If "Head Over Heels" seemed like a poor man's "Annie Hall", "Something Short of Paradise" is a poorer man's version.

Since imitations of the Oscar-winning "Rocky" has cluttered up the screen for the past three years, it figured that the "Annie Hall" imitations would begin showing up -- and probably failing to measure up.

Both "Time After Time" and "Head Over Heels" reflected the "Annie Hall" influence in the treatment of the heroine's roles and the performances of leading ladies Mary Steenburgen and Mary Beth Hurt. But "Something Short of Paradise" is the first movie that seems to derive directly from Woody Allen's film, and the emulation is neither becoming nor productive.

The screenplay by Fred Barron, whose previous credit was the appealing "Between the Lines," outlines a negligible love affair between David Steinberg, cast as the owner of a New York art house (the estimable Carnegie Hall Cinema as a matter of fact), and Susan Sarandon, cast as a magazine writer and presumably embodying "paradise" to Steinberg's "something short." The predictable progress of their courtship -- from awkward first meeting through awakening affection, tentative cohabitation, spats and alienation to happ reconciliation -- owes more to amateurish contrivance and coy facetiousness than clever or persuasive romantic documentation.

Neither off-putting nor distinctive, the characters barely exist as figments of Barron's undernourished imagination. And whatever promise they suggest at the outset is steadily undermined by the triviality of the material. Barron has already begun to overindulge a pretty elementary sense of humor, milking "cute" situations that seem to go dry after one or two desperate yanks.

For example, breakfasting after their first night in bed, the hero and heroine are given a would-be amusing bit of business -- reading from cereal boxes -- that flatly refuses to play. Later, Steinberg and Sarandon are even more decisively defeated by an argument outside his apartment door that draws in his next-door neighbors and degenerates into a dreary game of Putting Down the Squares, evidently Barron's way of finessing an obligatory showdown between the lovers.

In fact, quite a bit of obligatory work remains unfinished by the time this movie simpers to a fadeout. When the hero confronts the heroine with the accusation, "You don't know what you want -- you've got 10,000 theories, but you don't know," it seems unforgivably forgetful of the author not to have put a couple of those 10,000 in the heroine's mouth before arriving at this turning point.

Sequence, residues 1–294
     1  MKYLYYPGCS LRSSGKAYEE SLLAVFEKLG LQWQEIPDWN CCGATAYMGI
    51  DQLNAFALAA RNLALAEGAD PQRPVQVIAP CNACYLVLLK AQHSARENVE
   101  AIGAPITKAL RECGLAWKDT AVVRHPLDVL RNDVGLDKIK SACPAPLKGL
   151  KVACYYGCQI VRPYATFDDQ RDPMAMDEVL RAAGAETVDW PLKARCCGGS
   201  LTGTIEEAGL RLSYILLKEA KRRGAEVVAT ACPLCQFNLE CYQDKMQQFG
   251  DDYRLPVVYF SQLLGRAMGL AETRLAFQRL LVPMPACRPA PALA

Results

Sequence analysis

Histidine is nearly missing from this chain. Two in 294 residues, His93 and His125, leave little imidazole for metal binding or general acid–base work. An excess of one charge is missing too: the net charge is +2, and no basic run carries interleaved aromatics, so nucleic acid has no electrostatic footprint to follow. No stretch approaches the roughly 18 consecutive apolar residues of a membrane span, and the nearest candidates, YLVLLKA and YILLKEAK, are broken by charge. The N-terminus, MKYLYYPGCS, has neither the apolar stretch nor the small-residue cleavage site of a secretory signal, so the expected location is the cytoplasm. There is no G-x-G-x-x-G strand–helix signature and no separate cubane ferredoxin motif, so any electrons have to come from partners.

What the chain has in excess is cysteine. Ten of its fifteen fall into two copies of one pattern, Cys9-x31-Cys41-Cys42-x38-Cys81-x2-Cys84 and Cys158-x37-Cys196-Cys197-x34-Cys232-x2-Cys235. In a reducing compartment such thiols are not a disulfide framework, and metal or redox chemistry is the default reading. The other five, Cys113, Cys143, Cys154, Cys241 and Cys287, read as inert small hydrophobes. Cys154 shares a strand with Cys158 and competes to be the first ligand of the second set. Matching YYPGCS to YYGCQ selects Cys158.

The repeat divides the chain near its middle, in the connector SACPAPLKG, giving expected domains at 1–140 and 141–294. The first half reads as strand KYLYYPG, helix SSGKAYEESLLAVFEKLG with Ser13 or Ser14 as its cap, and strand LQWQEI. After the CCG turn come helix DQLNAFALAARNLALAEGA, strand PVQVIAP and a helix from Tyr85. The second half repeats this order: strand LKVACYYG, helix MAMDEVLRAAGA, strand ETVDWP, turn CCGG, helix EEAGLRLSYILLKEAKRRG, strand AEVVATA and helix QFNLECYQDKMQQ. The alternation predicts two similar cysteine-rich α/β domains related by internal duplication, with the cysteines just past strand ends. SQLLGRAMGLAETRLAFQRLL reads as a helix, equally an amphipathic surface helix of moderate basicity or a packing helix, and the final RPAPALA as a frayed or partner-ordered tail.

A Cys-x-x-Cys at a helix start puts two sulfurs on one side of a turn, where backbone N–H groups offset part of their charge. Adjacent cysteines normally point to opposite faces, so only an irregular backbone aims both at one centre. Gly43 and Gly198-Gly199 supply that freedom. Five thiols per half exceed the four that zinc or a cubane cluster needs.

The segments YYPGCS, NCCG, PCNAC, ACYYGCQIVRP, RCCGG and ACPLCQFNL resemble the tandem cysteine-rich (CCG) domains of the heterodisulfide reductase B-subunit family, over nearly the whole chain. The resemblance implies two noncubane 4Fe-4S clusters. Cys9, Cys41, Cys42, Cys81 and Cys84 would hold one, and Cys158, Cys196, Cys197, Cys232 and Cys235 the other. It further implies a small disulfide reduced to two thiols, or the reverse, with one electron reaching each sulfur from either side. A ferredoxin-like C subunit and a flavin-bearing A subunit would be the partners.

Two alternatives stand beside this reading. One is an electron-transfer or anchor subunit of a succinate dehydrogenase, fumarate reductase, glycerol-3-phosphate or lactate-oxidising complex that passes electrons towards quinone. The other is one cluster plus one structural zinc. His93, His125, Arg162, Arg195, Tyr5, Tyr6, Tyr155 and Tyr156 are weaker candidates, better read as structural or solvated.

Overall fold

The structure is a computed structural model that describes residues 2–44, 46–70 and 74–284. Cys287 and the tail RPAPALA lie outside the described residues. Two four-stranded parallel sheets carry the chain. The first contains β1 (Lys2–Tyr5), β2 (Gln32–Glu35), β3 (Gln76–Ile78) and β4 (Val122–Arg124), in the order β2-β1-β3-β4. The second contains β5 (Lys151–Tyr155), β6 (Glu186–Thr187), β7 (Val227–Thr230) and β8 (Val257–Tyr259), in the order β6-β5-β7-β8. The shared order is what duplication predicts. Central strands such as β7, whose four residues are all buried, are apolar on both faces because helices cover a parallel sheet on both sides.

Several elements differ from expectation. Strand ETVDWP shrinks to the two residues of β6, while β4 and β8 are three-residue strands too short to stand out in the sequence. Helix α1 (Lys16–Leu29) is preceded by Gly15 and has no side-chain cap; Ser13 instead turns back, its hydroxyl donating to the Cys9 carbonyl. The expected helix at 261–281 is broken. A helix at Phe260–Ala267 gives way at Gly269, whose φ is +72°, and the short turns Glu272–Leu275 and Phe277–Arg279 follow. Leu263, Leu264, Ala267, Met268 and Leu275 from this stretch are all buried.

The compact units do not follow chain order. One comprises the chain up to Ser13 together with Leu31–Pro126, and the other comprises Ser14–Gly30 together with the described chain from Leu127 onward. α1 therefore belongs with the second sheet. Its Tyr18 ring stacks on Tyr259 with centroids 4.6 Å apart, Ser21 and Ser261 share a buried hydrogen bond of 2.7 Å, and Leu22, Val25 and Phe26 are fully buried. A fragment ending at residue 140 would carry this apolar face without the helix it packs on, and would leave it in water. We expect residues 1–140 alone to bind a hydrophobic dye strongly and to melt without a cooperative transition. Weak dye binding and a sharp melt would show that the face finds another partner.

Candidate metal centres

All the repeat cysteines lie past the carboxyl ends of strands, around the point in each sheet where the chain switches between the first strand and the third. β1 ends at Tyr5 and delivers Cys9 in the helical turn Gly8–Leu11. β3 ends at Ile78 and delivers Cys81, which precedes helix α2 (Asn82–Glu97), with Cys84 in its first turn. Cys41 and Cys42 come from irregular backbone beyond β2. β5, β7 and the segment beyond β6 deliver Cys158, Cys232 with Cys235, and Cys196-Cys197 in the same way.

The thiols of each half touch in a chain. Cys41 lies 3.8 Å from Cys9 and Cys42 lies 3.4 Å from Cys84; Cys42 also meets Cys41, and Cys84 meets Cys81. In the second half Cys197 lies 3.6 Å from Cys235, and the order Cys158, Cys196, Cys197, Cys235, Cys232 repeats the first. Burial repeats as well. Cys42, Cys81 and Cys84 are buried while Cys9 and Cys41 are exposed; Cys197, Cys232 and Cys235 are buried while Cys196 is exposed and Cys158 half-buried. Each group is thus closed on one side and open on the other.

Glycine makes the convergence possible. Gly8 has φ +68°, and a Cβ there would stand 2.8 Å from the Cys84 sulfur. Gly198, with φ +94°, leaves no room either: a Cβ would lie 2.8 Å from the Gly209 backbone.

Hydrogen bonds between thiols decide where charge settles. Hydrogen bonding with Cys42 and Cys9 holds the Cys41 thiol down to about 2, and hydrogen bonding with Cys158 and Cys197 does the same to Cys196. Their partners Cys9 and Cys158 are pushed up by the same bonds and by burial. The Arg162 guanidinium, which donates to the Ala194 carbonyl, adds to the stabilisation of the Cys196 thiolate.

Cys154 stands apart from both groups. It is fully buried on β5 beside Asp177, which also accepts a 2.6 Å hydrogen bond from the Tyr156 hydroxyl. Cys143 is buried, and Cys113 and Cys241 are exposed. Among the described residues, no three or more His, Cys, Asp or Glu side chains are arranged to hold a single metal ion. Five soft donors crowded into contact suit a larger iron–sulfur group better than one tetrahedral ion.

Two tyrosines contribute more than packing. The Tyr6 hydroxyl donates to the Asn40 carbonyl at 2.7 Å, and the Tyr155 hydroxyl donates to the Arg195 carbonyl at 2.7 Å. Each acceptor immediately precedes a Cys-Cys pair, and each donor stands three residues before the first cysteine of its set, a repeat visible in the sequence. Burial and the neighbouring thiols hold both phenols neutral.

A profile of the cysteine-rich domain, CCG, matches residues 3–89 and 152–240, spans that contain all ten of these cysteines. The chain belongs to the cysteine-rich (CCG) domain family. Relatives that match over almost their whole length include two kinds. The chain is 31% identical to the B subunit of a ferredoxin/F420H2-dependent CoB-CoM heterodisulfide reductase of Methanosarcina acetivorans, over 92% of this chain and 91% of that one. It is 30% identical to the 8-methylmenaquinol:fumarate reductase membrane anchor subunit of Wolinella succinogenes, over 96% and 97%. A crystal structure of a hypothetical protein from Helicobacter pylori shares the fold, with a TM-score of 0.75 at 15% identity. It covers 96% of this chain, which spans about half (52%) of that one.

The director, David Helpern, is no help at all. His only previous feature credit was the plodding, simplistic documentary salute to the memory of the Hollywood Ten, "Hollywood on Trial." It might have been wise if he and Barron had spent a few years of apprenticeship with the Norman Lear or Mary Tyler Moore organization before presuming to dabble in romantic comedy, a rather specialized form.

Helpern's tin ear and faulty timing are not unique in the annals of on-the-job training, and they give less offense than the computerized comedy effects of most TV sitcoms. Nevertheless, "Something Short of Paradise" remains a dud even if it was conceived in ignorance.

Marilyn Sokol is cast as a venerable cliche, the heroine's wordly, wise-cracking but essentially tenderhearted bachelor-gal confidante. Judging from her smirk and overripe readings, which recall Jo Anne Worley camping it up on "Laugh-In," Sokol believed she had a juicy role. A prize example of the character's airy, adorable cosmopolitanism: "I thought of going gay, but when you get down to it, aren't women really as ridiculous as men?"

Jean-Pierre Aumont, drawing on decades of experience in more expert company, makes an amusing snack of a quest-starring role, a European matinee idol who comes to New York to promote the opening of his film at Steinberg's theater and briefly threatens to seduce Sarandon. Like "10," this less talented romantic comedy seems to miss an obvious bet by failing to use the hero's profession to evoke helpful associations. The filmmakers evidently forgot "Play It Again, Sam" while mishandling an imitation of "Annie Hall."